Cell immortalization is a necessary step for cancer development. Scientists believe that the main reason is to turn on an enzyme-telomerase-to extend chromosomal telomeres and prevent normal cell death. A new study shows that turning on telomerase is not a one-step process. In melanoma and possibly other cancers, mutations increase telomerase slightly, allowing cells to survive long enough to make other changes that upregulate telomerase.
The key to immortality is an enzyme called telomerase, which keeps the chromosomes in cells that divide frequently. The enzyme lengthens the caps or telomeres at the ends of chromosomes, which are worn away during each cell division. When the telomeres are too short, the ends stick to each other, causing severe damage during cell division and in most cases killing the cell.
Since telomeres become shorter as cells age, scientists believe that cancer cells that never age will be immortalized by turning on the production of telomerase in cells that do not normally produce telomerase, thereby making these cells indefinitely To maintain its long telomeres. It is estimated that 90% of all malignant tumors use telomerase to achieve immortality, and various cancer treatments proposed are aimed at reducing the production of telomerase in tumors. A new research studied the immortalization process of using genome-engineered cells in culture and followed the development of skin cells from moles to malignant melanomas. The results showed that the role of telomerase in cancer is more complicated.
Immortalization is a two-step process, initially driven by mutations that turn on telomerase, but at a very low level. The mutation occurs in the promoter, a region upstream of the telomerase gene (called TERT). Studies have shown that about 70% of malignant melanomas have the same mutation in the TERT promoter. Mutations in the TERT promoter will not produce enough telomerase to immortalize precancerous cells, but will delay normal cell senescence, thereby allowing more time to initiate other changes in telomerase. Scientists suspect that telomerase levels are sufficient to extend the shortest telomeres, but not to make them healthy in the long term.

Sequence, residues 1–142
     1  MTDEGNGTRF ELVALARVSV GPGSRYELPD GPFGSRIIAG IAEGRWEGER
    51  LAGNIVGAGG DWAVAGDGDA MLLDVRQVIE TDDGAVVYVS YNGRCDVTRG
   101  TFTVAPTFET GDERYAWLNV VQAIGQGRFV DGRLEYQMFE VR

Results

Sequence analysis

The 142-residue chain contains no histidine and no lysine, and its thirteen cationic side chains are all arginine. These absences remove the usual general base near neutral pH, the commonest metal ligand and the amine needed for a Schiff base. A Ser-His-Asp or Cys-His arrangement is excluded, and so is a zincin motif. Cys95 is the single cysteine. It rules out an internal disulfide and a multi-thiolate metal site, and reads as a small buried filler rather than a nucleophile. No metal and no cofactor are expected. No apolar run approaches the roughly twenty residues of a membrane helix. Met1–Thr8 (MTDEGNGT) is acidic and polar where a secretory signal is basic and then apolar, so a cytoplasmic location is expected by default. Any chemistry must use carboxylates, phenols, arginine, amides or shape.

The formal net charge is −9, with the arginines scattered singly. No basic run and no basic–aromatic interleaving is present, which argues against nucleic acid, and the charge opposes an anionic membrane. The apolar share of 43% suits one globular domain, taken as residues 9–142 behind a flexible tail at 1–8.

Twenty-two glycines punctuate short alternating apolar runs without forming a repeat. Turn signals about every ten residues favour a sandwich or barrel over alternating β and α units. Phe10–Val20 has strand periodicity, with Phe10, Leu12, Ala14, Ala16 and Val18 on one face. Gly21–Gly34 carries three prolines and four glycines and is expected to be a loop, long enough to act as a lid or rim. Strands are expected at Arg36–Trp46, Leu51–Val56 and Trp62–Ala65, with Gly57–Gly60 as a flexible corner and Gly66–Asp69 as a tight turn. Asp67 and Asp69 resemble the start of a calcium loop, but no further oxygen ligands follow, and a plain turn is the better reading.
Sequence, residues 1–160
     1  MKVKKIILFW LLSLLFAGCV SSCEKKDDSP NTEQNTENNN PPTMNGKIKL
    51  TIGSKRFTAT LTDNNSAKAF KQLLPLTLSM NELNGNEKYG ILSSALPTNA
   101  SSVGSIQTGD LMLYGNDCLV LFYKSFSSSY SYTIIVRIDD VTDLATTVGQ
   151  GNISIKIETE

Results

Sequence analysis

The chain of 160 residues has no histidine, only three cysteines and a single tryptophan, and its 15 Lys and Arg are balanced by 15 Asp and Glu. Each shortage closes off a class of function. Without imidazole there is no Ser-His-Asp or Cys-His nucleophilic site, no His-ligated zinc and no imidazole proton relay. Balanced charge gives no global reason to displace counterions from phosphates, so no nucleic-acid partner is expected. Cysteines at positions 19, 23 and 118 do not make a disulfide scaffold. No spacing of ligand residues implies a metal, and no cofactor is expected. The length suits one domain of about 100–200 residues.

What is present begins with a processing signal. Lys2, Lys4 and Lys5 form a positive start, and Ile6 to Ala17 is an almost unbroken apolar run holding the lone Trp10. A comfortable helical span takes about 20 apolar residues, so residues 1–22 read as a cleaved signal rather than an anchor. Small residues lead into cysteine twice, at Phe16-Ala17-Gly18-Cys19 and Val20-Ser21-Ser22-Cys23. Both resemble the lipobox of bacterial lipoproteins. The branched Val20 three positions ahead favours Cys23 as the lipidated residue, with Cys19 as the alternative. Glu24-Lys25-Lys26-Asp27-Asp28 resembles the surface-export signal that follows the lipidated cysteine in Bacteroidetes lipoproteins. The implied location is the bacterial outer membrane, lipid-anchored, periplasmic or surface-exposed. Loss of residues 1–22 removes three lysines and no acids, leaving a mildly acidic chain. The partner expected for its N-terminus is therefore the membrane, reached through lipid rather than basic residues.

If cells cannot activate telomerase, they cannot live forever and eventually die of short telomeres because the chromosomes stick together and then break when the cell divides. Cells with mutations in the TERT promoter are more likely to up-regulate telomerase, although telomeres are very short, which allows them to continue to grow. However, it is not clear what causes the upregulation of telomerase, which ultimately immortalizes cells. This is unlikely to be another mutation, but an epigenetic change that affects the expression of the telomerase gene, or a change in the expression of a transcription factor or other regulatory protein that binds to the upstream promoter of the telomerase gene.
Although most cancers seem to require telomerase to live forever, only about 10% to 20% of cancers have a single nucleotide change in the promoter upstream of the telomerase gene. However, these account for approximately 70% of all melanomas, and 50% of all liver and bladder cancers. The evidence supporting the theory that TERT promoter mutations up-regulate telomerase has been conflicting: cancer cells tend to have chromosomes with short telomeres, but higher telomerase levels should produce longer telomeres.
If a mutation in the TERT promoter occurs, pushing precancerous lesions (mold or mole) to melanoma, people with short telomeres have a greater chance of dying before upregulating the cells. Telomerase makes cells immortal. This research also involves engineering TERT promoter mutations in cells different from human pluripotent stem cells and tracking their development towards cell immortality.